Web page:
Police in Egypt are boosting security around churches as Coptic Christians prepare to celebrate Orthodox Christmas on Sunday (January 7th) after a year of deadly attacks targeting the ancient community.
More than 100 Christians have been killed in the spate of violence, including a shooting at a church south of Cairo last week claimed by the "Islamic State of Iraq and Syria" (ISIS).
Security forces have sought to quell attacks from ISIS affiliate Wilayat Sinai, which has increasingly targeted Christians.
While the group has taken aim at other civilians, including more than 300 Muslim worshippers massacred at a Sinai mosque in November, it has focused on the Coptic community, which accounts for about 10% of Egypt's population.
"This year we will not stop supporting the state and the president and play our national role, but we hope officials will find a way to reduce the attacks," said Bishop Makarios of the southern Minya province.
In December 2016, an ISIS suicide bomber killed close to 30 worshippers at a church in Cairo in the St. Mark's Cathedral complex, the seat of the Coptic papacy.
In Sinai, where ISIS is based, hundreds of Christians were forced to flee in December and January after a wave of assassinations.
ISIS suicide bombers killed more than 40 people in twin church bombings in April and shot dead almost 30 Christians a month later as they headed to a monastery.
The year ended with an ISIS element killing nine people in an attack on a church in a south Cairo suburb.
Long awaited church law
Egyptian President Abdel Fattah al-Sisi has attended Coptic religious ceremonies and called for a reform of religious Islamic discourse to weed out extremism.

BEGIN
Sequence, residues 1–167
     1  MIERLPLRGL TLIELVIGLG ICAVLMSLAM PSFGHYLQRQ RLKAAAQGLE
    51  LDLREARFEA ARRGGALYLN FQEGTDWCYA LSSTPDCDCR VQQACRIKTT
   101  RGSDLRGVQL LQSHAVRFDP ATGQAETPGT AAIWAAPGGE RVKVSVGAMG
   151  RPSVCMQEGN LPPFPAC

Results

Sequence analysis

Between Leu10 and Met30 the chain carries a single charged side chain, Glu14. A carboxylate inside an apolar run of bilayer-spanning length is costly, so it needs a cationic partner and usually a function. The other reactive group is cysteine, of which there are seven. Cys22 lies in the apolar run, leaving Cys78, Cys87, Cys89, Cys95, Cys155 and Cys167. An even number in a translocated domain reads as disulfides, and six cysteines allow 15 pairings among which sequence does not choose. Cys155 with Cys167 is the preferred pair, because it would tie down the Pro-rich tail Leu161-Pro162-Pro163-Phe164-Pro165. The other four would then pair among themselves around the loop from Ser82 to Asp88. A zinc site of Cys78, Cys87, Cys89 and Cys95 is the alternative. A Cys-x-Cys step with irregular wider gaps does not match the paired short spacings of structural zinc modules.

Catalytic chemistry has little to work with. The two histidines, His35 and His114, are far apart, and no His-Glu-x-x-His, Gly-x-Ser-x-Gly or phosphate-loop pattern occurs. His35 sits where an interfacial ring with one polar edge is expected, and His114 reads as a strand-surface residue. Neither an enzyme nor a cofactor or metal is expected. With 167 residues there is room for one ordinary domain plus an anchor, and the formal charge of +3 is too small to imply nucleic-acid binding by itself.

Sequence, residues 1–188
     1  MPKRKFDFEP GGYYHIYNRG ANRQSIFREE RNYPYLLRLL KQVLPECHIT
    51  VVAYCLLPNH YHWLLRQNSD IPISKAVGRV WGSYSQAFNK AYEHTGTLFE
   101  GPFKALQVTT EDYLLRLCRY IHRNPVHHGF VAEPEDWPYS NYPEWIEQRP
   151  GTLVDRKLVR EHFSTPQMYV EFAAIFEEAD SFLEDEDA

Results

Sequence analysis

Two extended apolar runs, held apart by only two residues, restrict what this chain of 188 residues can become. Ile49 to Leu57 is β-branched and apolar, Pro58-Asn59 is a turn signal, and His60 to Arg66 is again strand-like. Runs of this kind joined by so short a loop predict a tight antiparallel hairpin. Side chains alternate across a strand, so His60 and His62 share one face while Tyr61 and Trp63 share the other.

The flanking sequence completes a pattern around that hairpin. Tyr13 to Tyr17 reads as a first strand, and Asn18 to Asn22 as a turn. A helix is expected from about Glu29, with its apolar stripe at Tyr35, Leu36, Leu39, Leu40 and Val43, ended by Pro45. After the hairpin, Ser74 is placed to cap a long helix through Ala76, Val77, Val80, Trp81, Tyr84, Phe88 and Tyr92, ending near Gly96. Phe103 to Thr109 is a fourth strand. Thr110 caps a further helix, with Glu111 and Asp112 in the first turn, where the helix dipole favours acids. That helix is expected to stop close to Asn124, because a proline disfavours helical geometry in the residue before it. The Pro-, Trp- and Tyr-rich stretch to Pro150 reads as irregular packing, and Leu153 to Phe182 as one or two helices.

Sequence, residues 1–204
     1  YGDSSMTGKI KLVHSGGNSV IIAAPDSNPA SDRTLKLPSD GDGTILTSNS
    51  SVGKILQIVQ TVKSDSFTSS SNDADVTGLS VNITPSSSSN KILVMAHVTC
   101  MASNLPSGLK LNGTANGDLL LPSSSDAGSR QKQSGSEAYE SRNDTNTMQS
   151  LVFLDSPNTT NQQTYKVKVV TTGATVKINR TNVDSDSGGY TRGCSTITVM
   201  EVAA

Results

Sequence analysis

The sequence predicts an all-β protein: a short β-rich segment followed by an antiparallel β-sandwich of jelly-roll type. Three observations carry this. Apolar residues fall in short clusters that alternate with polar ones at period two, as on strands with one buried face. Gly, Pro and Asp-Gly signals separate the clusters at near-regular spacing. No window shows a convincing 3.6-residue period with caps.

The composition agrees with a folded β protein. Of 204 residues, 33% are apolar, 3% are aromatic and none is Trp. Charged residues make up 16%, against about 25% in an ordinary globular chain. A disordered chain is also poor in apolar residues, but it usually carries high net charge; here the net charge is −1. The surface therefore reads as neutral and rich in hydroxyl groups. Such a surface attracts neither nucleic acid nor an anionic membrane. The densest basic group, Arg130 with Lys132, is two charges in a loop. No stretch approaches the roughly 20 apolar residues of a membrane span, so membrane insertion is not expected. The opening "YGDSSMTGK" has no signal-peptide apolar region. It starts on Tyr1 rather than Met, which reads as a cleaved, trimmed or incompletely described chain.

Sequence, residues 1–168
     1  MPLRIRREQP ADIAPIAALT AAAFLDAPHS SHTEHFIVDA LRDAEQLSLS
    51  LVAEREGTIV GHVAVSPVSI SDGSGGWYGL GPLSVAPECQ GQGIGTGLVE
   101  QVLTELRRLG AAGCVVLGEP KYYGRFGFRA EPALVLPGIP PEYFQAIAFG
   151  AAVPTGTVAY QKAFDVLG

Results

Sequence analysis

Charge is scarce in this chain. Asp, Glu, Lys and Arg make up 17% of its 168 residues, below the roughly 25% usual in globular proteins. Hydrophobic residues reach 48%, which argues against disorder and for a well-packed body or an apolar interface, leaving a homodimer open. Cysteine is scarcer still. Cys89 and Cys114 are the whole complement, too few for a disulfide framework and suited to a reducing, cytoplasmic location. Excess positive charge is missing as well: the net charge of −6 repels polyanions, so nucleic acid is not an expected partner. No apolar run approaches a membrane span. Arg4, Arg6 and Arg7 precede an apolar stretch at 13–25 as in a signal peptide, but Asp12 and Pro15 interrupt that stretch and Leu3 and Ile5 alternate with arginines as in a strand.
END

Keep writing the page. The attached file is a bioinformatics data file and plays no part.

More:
He may attend the Christmas mass on Saturday, as he did last year, in a cathedral in a new administrative capital Egypt is building east of Cairo.
At the end of 2016, the Egyptian government adopted a long-anticipated law to regularise the construction and restoration of churches.
Unlike the construction of mosques, churches previously needed security clearances, and rumours that a church would be built sometimes led to attacks on Christians in the conservative rural south of the country.
In December, hundreds attacked a church south of Cairo that had been operating without a permit for more than a dozen years.
But a year after the new law, a rights group report says there are still no specific and clear rules on how to implement it.
After extremist attacks, "the second most important issue is the tensions and violence related to holding Coptic rituals", said Ishak Ibrahim, who wrote the report for the Egyptian Personal Rights Initiative.
Closures of unlicensed churches and buildings used for religious purposes even increased last year, he said.
"When the Copts asked for permission, the official bodies refused," he said.
But a few days ahead of Coptic Christmas celebrations, the government announced it would facilitate requests and expedite the regularisation of unauthorised churches.